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PANETTONE

For a true taste of Italian Christmas, you can’t beat a slice of classic (or more inventive) panettone – so here are seven to help you decide which one to serve at your table this year

The origins of panettone go back to Roman times, but it was the bakers of Milan in the early 20th century who made the cake their own. The name is generally believed to derive from the word panetto, meaning ‘small loaf’, with the ending -one added, changing the meaning to ‘large loaf’.

However, certain anecdotes suggest that, slightly more interestingly, it is derived from the Milanese pan del ton (luxury bread). The large, ‘dome’-shaped, yeasted fruit cake traditionally rises slowly over a few days and is baked in a tubular mould to give it its distinctive height. It is usually eaten at Christmas – or Easter, when, in a slightly different shape (as the Dove of Peace), it is known as a colomba. A regular panettone with dried fruits is delicious, but more fancy ingredients can include luxury extras like chocolate chips, almonds, figs and cherries, liqueurs and cream.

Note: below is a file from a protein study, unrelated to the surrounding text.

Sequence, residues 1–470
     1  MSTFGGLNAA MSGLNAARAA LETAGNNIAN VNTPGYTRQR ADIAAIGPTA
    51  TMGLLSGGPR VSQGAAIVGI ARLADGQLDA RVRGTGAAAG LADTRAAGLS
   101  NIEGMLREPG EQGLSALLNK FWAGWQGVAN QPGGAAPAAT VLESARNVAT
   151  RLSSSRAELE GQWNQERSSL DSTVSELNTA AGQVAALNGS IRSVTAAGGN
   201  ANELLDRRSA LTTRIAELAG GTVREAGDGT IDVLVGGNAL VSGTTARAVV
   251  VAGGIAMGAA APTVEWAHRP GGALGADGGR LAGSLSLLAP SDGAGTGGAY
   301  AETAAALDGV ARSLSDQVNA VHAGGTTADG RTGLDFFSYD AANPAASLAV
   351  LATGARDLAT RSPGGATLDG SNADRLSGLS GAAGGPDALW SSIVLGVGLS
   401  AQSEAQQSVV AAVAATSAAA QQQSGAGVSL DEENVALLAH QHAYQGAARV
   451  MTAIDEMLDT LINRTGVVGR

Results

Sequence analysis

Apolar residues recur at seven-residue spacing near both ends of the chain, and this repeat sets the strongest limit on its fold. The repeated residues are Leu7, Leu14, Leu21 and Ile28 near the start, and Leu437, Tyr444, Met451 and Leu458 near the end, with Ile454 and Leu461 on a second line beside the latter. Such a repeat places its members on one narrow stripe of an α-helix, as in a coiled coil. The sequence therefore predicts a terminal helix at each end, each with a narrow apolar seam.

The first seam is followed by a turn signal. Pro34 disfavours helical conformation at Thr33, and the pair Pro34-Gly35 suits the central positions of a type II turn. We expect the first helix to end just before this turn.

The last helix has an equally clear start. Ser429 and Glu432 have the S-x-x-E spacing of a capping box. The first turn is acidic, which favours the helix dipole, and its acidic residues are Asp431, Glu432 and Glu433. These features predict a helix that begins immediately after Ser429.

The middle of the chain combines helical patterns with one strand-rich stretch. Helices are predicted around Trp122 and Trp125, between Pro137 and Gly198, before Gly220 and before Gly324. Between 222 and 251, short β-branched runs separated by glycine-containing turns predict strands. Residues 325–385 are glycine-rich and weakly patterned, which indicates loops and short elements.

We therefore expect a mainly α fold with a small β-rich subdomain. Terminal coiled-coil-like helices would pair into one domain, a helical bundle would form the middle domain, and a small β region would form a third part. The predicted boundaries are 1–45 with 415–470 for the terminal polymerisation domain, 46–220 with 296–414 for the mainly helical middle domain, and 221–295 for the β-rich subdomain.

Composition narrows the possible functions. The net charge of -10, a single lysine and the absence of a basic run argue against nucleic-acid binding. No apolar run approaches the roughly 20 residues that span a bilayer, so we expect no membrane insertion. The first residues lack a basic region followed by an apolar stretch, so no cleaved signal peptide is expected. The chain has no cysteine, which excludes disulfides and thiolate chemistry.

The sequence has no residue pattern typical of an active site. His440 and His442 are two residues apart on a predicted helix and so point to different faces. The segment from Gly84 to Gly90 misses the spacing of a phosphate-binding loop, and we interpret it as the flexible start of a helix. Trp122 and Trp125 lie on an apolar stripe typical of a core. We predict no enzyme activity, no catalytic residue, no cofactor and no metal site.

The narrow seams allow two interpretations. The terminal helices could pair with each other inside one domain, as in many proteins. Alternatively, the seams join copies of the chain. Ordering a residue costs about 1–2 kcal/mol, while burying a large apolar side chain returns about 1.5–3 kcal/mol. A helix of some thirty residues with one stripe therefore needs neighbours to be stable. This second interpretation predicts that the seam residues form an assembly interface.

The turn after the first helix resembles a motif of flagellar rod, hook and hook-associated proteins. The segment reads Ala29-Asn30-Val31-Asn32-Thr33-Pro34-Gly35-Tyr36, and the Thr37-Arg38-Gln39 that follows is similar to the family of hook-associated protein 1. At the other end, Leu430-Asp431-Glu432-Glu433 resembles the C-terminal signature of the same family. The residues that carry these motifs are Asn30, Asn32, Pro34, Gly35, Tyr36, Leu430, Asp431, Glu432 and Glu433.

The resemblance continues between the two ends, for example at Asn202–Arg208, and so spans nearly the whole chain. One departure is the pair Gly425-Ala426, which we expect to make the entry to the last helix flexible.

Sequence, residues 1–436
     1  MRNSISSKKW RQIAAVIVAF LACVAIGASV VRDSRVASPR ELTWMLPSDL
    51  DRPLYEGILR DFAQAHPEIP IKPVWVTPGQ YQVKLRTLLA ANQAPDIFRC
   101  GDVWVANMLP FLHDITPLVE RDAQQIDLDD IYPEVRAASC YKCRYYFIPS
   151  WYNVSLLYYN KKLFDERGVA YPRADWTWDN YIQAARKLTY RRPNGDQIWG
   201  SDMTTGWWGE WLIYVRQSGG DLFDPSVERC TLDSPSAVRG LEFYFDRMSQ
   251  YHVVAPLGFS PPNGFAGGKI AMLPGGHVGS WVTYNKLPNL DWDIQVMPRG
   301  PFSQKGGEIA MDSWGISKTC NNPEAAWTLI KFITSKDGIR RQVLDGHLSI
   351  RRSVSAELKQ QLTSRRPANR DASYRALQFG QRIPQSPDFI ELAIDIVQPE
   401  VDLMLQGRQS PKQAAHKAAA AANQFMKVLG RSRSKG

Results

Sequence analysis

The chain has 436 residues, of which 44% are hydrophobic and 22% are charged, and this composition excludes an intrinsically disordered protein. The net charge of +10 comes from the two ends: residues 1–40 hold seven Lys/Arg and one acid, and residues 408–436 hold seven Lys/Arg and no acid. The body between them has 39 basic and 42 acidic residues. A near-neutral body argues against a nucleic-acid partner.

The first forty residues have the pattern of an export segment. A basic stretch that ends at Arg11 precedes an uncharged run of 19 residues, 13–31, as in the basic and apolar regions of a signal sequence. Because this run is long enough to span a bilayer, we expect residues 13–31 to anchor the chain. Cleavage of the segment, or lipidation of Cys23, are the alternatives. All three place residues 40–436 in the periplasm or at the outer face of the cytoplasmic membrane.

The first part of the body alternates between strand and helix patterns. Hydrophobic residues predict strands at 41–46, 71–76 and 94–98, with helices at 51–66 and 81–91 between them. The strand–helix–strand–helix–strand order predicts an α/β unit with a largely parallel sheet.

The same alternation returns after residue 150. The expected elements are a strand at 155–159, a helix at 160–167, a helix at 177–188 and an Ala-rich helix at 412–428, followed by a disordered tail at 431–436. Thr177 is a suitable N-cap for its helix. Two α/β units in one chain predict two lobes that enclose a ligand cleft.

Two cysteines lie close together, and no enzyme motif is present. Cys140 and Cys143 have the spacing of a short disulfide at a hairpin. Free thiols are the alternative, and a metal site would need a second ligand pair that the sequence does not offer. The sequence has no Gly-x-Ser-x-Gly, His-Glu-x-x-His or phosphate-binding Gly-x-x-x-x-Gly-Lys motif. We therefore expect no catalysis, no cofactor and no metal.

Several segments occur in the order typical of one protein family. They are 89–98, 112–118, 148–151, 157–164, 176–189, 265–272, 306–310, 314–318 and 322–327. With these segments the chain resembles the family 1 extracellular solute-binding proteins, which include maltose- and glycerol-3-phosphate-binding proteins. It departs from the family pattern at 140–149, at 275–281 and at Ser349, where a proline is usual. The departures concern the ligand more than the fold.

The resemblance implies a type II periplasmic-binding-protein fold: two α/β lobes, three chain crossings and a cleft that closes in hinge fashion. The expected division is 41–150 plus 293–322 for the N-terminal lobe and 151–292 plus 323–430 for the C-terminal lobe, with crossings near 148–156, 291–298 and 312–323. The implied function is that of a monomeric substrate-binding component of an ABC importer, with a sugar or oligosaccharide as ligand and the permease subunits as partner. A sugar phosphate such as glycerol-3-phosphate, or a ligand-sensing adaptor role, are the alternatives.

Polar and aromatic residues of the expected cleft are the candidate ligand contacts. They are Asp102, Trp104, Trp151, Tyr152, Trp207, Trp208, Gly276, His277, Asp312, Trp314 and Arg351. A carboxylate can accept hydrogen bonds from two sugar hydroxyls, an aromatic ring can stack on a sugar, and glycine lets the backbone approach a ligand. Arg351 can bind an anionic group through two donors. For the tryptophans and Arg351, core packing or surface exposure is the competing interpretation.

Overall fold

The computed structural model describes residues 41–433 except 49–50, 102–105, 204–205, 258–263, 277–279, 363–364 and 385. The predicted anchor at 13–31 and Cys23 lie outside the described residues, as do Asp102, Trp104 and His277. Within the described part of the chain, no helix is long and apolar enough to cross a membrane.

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About Italia!

Our writers have travelled around Italy this month to bring you inspiration for your next adventures in 'il bel paese'. Lake Garda is our starting point, an ever-popular destination where quieter corners still remain – if you know where to go. We also head to the hills in Tuscany’s Casentino Forest (whose trees provided the wood for scaffolding to build Brunelleschi’s dome), and if you want to get fit, a healthy spa break in Puglia could be just what you’re looking for.